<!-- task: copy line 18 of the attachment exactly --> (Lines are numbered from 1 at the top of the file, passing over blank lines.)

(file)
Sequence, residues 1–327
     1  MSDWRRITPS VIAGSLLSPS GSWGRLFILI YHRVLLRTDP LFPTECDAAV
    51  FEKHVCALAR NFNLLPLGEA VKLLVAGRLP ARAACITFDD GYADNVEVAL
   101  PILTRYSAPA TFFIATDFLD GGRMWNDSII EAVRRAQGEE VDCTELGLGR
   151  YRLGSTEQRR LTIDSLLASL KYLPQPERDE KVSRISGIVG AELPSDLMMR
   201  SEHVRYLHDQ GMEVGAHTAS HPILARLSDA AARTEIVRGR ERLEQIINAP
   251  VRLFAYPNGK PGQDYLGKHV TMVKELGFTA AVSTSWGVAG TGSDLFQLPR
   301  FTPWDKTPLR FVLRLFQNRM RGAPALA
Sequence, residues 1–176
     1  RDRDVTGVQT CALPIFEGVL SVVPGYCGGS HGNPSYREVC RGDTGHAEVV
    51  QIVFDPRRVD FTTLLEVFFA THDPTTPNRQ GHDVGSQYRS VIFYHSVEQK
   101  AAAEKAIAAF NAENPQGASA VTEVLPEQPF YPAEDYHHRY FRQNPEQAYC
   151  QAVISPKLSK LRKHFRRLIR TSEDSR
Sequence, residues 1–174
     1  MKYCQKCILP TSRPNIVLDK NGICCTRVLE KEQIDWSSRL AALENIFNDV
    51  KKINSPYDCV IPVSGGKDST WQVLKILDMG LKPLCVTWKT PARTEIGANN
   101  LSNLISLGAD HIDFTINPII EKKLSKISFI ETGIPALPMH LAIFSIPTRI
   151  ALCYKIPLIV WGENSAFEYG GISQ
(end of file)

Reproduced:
   151  ALCYKIPLIV WGENSAFEYG GISQ